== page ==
Credi, owner of The Pub Coffee Hub, sought answers when portions of Harvester were closed off to traffic, and his primary complaint was that he and other Harvester Center merchants weren’t informed of what was going to happen ahead of time so they could make alternative options to still serve their customers.

Now, with having extra parking and then seeing that yanked away, he again is frustrated that no one communicated it before putting no parking signs back up.

Not only does having two-sided parking serve customers better, but it helps to slow down traffic, he said.

Having owned a business in downtown Batavia, Credi compared his experience: there were no communication issues when in the heart of the city versus on the southeast side, he said.

He went to the police station to talk about the issue and was referred to City Council. Council President Eugene Jankowski on Monday pointed him back to the police.

"I think we need to refer you back to the police chief. Maybe we can revisit that," Jankowski said. 

Credi is to meet with Chief Shawn Heubusch, who said he needed to look into the road width and local law for allowing parking on both sides of a city street.

City Code lists all city roadways and their parking limitations if any. Harvester is cited as having “no parking from the west curb line of Harvester Avenue to a point 100 feet westerly therefrom,” and on the “east curb line to a point 50 feet easterly therefrom.”

For what it’s worth, there’s also a line about no parking allowed 25 feet east and west of both driveways in front of Carrols (from the 70s) restaurant, so it may warrant some updating.

Councilman John Canale, who owns a drum studio at Harvester Center, said he had concerns as well.

“I have experienced all the turmoil there, and one and a half weeks ago, before the no parking signs, it really opened things up, and doubled parking,” Canale said. “And then all of a sudden, the signs went back up. I would like to visit the idea of allowing parking on that side.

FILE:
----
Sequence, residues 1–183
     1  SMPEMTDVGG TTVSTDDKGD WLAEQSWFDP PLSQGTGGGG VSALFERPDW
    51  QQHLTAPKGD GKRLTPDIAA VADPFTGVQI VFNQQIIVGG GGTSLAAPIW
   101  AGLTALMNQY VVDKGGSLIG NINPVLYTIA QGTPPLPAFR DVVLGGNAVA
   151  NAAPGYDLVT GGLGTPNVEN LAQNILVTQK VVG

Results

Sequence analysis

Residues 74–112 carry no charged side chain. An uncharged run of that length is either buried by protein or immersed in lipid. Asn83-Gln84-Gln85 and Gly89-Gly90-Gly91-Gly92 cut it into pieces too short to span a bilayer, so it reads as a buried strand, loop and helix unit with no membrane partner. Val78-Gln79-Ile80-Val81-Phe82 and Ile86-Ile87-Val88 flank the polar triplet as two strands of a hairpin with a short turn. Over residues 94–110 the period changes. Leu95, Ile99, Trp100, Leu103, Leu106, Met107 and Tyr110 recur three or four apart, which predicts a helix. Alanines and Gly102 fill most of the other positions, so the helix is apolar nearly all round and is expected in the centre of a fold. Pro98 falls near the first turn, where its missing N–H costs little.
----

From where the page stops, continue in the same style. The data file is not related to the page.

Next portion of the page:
“I plead with you to do whatever you can to open up parking,” he said.

Councilman Bob Bialkowski, who had suggested that Credi attend the meeting, agreed. Batavia strays from many other small cities that don’t have locally owned businesses, he said, and it's important to preserve any locally owned small businesses that exist.

“I just think it’s vital that we do whatever we can,” he said.

Credi feels that he was heard and supported about the parking situation.

“I am now waiting on hearing back from the police chief for more detail on why things happened the way they did, ideally with some clarity on why it was open to parking for six weeks and then removed without notice,” he said. “Additionally, getting a definitive answer on enforcing the parking laws on our side of the street would be great.

“I do feel like my main point of improving communication between the city and business owners in the future before a major disruption occurs — for example, roadwork and the parking situation — was kind of pushed aside by council president Jankowski with no real answer as to what can be done to improve it,” Credi said.

File Photo of Rob Credi, owner of The Pub Coffee Hub on Harvester Avenue, Batavia, by Howard Owens.

Traffic delays expected on Harvester Ave. beginning Friday

By Press Release

Press Release

All motorists please be aware that Harvester Avenue will experience traffic delays on Friday, Monday and Tuesday (October 21st, 24th, 25th) from 7 a.m. to 7 p.m. for paving operations. While work is being performed in this area, local traffic will be permitted to and from their residence/property but should plan accordingly for delays.

All residents/businesses within the work area are asked not to park on the roadway during the operation.

Thank you for your cooperation.

City shuts off water at Harvester and Ellicott for emergency repairs

By Press Release

Press release:

The City of Batavia Water Department along with Zoladz Construction will be replacing a broken water valve on Harvester Ave and fire hydrant on the corner of Harvester Ave and Ellicott Street.  The water will be shut down on Harvester Ave from Colorado Ave to Ellicott Street, all of Colorado Ave, and on Ellicott Street from Ellicott Place to Clifton Ave.

The length of time the water will be off is unknown.

As always, when the water is restored, it may be discolored.  Please refrain from doing any laundry until the water runs clear.